Even though we will stick with the combination of the computer science and physics student perspectives for now, we will come back to the mathematics student's view later. The usefulness of linear algebra has less to do with which view you take, and more with the ability to switch between those views. It gives someone who is number crunching a way to visualize what he is doing visually, and it gives the visual creator a way to represent what she is trying to do mathematically. Win - Win.

"Mathematics requires a small dose, not of genius, but of an imaginative freedom which, in larger a larger dose, would be insanity." - Angus K. Rodgers

In the standard x-y coordinate system, there are two important vectors, the basis vectors:

`i`

the vector that points in x direction with length of 1`j`

the vector that points in the y direction with a length of 1

So we can think of the vectors as a list of scalars that scale the basis vectors. Or as the sum of the scaled basis vectors. Or as a *linear combination* of the basis vectors.

- This means that a vector will "look" different depending on what basis vectors it is scaling.
- This also means the choice of basis vectors is arbitrary and we could chose other ones, which would give us a different coordinate system.

The set of all possible vectors you can reach with a linear combination of a pair of vectors is called the *span* of those two vectors.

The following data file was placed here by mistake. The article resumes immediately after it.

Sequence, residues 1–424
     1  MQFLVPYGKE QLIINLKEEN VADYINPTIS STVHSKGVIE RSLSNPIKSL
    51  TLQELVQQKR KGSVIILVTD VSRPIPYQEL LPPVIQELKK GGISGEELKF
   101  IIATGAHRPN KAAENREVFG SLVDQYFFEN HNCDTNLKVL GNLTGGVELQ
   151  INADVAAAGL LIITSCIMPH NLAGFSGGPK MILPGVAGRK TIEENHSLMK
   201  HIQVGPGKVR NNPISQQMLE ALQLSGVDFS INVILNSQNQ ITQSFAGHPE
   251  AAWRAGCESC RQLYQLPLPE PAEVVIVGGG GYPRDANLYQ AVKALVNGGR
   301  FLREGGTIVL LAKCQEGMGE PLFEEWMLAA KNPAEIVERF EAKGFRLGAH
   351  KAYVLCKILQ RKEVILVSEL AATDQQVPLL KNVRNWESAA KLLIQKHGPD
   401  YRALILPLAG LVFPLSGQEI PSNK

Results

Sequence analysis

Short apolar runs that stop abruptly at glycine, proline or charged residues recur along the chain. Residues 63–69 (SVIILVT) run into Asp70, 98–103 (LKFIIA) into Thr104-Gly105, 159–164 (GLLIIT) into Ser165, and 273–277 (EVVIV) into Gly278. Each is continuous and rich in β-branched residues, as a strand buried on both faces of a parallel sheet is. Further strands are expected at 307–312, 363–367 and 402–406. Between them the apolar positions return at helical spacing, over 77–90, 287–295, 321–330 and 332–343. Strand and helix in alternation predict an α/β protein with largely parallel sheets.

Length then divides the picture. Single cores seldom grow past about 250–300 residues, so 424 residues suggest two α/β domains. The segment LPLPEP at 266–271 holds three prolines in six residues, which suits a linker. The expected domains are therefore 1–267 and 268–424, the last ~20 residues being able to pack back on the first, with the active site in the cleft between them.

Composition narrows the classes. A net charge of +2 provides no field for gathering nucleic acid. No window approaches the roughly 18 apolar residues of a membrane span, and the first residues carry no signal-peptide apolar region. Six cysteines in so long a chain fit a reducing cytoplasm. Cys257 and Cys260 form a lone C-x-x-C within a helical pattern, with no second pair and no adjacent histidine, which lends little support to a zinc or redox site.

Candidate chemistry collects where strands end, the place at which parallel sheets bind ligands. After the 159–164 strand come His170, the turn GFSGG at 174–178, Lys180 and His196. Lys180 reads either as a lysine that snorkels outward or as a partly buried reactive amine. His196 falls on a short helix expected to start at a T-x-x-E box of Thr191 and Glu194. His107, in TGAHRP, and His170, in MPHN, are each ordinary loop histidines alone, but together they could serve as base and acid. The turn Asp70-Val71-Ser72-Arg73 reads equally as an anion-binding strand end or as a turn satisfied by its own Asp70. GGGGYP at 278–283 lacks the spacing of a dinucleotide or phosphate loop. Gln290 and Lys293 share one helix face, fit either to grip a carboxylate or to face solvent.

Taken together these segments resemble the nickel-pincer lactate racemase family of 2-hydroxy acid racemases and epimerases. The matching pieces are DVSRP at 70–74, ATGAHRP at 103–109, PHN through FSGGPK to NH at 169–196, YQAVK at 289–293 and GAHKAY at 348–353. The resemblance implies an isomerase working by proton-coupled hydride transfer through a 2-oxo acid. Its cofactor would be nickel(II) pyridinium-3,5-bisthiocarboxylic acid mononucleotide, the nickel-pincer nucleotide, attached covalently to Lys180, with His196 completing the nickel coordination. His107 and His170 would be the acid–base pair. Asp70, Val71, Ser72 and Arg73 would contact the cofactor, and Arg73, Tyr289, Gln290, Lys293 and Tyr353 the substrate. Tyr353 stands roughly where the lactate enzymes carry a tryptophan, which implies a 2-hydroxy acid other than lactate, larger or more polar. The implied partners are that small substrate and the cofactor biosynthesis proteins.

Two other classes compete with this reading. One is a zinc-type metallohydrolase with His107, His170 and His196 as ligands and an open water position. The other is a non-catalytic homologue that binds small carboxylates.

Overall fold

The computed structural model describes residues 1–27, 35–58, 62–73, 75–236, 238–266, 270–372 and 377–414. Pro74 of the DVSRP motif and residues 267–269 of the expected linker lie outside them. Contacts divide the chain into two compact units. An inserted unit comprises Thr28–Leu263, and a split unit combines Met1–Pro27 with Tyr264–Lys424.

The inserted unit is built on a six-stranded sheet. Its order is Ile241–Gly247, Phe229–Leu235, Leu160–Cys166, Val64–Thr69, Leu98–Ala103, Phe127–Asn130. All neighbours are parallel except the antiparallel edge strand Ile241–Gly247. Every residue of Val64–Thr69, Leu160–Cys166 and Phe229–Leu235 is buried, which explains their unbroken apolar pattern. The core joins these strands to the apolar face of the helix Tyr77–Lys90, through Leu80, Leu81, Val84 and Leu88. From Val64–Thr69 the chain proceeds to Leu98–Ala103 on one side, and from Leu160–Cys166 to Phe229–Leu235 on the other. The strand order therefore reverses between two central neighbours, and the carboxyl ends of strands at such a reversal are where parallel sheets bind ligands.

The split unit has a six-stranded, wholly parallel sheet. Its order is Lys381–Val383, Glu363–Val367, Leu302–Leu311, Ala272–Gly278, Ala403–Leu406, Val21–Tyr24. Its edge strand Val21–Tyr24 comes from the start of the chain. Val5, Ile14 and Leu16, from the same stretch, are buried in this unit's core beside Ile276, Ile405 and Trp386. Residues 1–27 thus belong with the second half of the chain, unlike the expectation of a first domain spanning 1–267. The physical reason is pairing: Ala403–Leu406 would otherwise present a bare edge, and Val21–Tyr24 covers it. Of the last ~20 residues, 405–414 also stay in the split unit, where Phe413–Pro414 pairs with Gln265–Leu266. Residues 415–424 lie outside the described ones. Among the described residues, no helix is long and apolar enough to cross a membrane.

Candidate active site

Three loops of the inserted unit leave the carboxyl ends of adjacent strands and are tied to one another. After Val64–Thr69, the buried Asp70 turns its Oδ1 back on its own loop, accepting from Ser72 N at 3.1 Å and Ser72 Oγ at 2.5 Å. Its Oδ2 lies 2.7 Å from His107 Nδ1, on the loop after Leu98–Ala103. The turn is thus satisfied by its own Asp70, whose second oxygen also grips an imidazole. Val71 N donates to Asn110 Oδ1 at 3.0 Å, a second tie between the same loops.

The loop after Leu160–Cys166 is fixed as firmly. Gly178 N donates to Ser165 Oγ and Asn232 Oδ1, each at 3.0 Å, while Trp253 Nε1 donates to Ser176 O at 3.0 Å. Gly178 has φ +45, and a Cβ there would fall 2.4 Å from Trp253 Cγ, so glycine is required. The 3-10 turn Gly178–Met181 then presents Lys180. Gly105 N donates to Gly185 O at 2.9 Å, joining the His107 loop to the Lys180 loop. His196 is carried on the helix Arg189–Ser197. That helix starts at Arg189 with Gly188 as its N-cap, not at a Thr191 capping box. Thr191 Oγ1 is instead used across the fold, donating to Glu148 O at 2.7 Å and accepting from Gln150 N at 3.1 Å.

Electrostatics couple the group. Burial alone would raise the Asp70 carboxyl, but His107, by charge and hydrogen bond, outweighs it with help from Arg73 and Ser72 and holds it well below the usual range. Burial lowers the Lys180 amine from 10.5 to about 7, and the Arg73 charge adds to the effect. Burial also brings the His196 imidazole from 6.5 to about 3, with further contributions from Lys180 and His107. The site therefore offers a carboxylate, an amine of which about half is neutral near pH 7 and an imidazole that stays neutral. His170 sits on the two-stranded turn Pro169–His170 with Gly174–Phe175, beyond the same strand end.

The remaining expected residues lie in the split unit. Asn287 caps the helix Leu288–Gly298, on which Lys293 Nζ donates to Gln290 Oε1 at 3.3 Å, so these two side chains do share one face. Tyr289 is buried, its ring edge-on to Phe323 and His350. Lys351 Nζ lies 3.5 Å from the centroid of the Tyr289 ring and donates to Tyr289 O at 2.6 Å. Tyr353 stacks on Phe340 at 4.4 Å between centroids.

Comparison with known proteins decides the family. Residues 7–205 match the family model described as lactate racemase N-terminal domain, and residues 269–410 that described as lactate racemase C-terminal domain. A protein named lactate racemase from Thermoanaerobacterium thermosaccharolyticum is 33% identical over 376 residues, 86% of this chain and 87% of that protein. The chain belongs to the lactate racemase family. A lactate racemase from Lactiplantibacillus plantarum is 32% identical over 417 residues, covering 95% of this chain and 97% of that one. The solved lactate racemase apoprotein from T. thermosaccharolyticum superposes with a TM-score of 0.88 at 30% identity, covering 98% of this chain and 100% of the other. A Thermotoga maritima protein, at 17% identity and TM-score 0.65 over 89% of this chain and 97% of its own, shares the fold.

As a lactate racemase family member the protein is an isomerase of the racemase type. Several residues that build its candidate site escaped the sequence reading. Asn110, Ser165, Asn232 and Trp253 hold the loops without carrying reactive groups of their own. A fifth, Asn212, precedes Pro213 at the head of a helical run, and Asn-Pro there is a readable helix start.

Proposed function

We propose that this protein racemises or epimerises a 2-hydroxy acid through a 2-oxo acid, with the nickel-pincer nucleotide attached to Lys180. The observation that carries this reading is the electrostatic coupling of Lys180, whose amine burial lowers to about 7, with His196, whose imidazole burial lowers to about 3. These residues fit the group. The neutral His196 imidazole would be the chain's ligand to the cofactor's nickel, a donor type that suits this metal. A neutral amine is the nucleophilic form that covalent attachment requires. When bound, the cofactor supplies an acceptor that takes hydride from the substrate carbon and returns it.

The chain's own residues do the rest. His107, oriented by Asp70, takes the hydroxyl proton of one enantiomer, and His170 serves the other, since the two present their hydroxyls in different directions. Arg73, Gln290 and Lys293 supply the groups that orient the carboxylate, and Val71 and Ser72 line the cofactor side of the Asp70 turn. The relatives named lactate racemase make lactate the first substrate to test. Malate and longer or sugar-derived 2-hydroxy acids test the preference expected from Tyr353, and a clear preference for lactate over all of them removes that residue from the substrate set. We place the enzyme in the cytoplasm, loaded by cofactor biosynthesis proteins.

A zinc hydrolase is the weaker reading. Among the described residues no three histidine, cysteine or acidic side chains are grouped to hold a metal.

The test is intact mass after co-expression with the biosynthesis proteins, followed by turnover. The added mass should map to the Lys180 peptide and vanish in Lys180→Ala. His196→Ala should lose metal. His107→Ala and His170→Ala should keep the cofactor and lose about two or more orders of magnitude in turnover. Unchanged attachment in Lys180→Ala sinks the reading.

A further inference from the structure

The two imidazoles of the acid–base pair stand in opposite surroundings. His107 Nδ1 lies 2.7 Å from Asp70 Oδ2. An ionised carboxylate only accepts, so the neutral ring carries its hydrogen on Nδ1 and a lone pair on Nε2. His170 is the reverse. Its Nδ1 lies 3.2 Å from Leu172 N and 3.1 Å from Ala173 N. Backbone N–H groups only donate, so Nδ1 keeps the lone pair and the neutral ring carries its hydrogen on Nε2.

We say that the *span* of the basis vectors is all of two dimensional space, because we can reach all of two dimensional space by applying different linear combinations to the basis vectors.

The span of almost every pair of vectors will also be all of two dimensional space unless the vectors are on the same line in which case the span is that line. Remember, a linear combination is a sum of two scaled vectors and scaling stretches or squishes vectors.

We say a set of vectors is *linearly dependent* when the span does not change if you remove one of them. Said in another way, one of those vectors is not adding any new reachable vectors to the the span. Said yet another way, one of the vectors can be expressed as a linear combination of the others, since it is already in the span of the others.

A set of vectors is *linearly independent* when you can't remove any of them without also reducing the span. Each vector introduces some new reachable vectors to the span.

"Whos the monster that taught me matrices but forgot to tell me about their origin and beauty" - Alex Sere, Youtube Commenter.

Linear transformations are a way to move around space in a way that keeps the grid lines parallel and equally spaced, keeping the origin fixed. These transformations can be described using only the coordinates of where the basis vectors end up after the transformation.

Matrices give us a way to represent these transformations by having the matrix columns represent the coordinates where the basis vectors end up.

This means:

- A linear transformation is completely described by the final position of the basis vectors.
- Given a matrix with the final position of the basis vectors,
*you can find where any other vector ended up*because like we said earlier,vectors can be thought of as the sum of scaled basis vectors. The rows in the vectors represent the scalars by which the basis vectors are scaled.